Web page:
Despite some minor criticisms, I thing GY has come along way and continues to improve with each outing...I would like to see even shorter songs, some guitar and piano solo's from Gabe, as well as increase in harmonies and duets.

Nice work, guys!

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  • 2 weeks later...

The first thing that I noticed, even before the first note aired, was that the album was comprised of nine songs. In the CD age this has become less common. At least half of the pre-90’s albums I own contain 9-12 songs, but with the coming of CD’s there seemed to be a push to fill up the extra space, all too often with b-rate material. As an independent release, ‘Sidewalks and Dirt Roads’ is free of this filler. The band has only felt obliged to deliver the sound they wanted, and as a result the listener won’t need the forward button to listen to this album.

An acoustic album is a delicate business. Creating two songs that are easily differentiated without the influence of percussions and screaming electric guitars is an art. Achieving that differential 9 times on one album is masterful.

The album delivers a variety of feelings. While some songs hold a Jewel-esque quality [if that phrase is forgivable], in other songs they deliver a sound closer to the balladeers of the 60’s before moving on again, perhaps to a subtle pseudo-country feel. This isn’t the bubble-gum flavor of the day, the songs range from the carefully optimistic to the downright solemn.

The album kicks off with the dulcet tones of it’s you. The song delivers a professional sound that belies the less-than-a-year these two have been performing together. Second up on the album is come around. Come around delivers a punch that will leave the listener fumbling to try and put a label on the sound. Not altogether removed from country music, nor easy going rock, the song might be one of the finest on this album. They switch gears on don’t wait on the rain, rumbling into a bluesy, smoky funk before moving back to the melodic sound of sallie’s song. 3 day weekend continues this feel but switches it up a bit by slowing the pace considerably. It’s another song that leaves the audience wondering about genre, with flavors of country, classic rock balladry and modern pop. Long way down comes across as another golden effort, with perhaps the most fluid mixture of lyrics and instrumental on the album.

The remaining 3 songs on the album were actually recorded a while earlier during one of their live performances. Immediately from the onset of Samoan the audience finds that these guys aren’t hoping to lip-synch through their performances. Easily as good as the studio work, with the exception of a slight warble clearly caused by the microphone, Gabriel Young proves that a trip to catch them live won’t be a disappointing experience. Apart from me is next on the bill, and one of the sweetest instrumental sounds on the album. Finally, fly with me returns to the bluesy feel that arose earlier. Also clearly a strong instrumental effort, it nicely reminds of the range of sounds delivered over the course of the album. While these final three songs might have benefited from the environment of the studio, they are the listener’s guarantee of live quality. Far from the efforts of some artists their age, Gabriel Young deliver a mature true performance, with talent as deliverable on the spot as on the album. I might have to pick up a few more copies so some of my friends get a taste.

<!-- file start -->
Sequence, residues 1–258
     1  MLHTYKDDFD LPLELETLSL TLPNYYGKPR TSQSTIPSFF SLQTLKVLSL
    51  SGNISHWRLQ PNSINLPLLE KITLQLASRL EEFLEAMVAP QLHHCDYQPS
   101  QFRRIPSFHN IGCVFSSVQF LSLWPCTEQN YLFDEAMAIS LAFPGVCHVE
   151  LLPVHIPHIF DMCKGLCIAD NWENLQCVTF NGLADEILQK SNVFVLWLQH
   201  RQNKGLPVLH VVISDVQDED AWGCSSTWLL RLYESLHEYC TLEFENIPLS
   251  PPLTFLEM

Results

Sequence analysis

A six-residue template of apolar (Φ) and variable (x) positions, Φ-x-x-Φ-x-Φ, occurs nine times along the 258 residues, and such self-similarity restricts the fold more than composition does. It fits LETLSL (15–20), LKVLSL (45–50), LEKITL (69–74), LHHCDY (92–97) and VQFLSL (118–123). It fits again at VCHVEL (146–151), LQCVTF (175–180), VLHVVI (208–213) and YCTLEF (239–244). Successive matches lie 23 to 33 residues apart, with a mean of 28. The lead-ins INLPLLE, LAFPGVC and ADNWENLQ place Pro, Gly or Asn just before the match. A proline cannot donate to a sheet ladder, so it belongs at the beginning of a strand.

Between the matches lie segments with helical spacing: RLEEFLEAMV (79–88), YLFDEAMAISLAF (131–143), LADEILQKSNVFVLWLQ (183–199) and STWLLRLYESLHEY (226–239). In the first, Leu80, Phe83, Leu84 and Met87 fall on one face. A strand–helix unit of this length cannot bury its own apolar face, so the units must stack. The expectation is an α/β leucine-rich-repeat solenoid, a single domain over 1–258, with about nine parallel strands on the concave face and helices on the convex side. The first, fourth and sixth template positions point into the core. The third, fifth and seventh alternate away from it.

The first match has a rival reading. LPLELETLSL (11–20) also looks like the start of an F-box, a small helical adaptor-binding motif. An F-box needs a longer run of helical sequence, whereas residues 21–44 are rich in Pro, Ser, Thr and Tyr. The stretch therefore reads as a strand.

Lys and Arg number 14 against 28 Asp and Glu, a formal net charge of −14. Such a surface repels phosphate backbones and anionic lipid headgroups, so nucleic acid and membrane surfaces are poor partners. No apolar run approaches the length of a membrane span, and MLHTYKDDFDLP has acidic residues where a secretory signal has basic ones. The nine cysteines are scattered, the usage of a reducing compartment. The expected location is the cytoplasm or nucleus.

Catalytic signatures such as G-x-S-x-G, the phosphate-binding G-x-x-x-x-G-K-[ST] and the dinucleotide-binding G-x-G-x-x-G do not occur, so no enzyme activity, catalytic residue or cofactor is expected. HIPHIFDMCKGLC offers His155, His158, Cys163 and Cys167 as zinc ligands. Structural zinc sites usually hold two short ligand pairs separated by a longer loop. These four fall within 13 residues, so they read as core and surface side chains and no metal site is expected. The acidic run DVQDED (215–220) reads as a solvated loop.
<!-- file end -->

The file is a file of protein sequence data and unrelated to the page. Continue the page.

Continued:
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As well, let me apologize for how long I took. I can't get a feel for a new album before I've heard it a few times and it took me the better part of two weeks to work it through the music cycle several times.

Tell the guys kudos on the album Joey.

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It was worth waiting for Shawn :bigsmile: :good job:

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  • 1 month later...

Finally, Flag Pole Magazine Reviews Gabriel Young!


Sidewalks & Dirt Roads

Independent Release

Erik Hinds

To clear things up, Madison County's Gabriel Young is not one person's name. It's Peter Gabriel Zorbanos and Kalen Young Nash, and they're making quite a noise in the local scene and beyond. Read more of the review here.

Edited by GabrielYoungFan
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You know I just reread your review Shawn and I am so glad that you picked up on the country vibes. I let my neighbors have a listen and they immediately said that Come Around had a country sound to it. Great review by the way.

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:good job: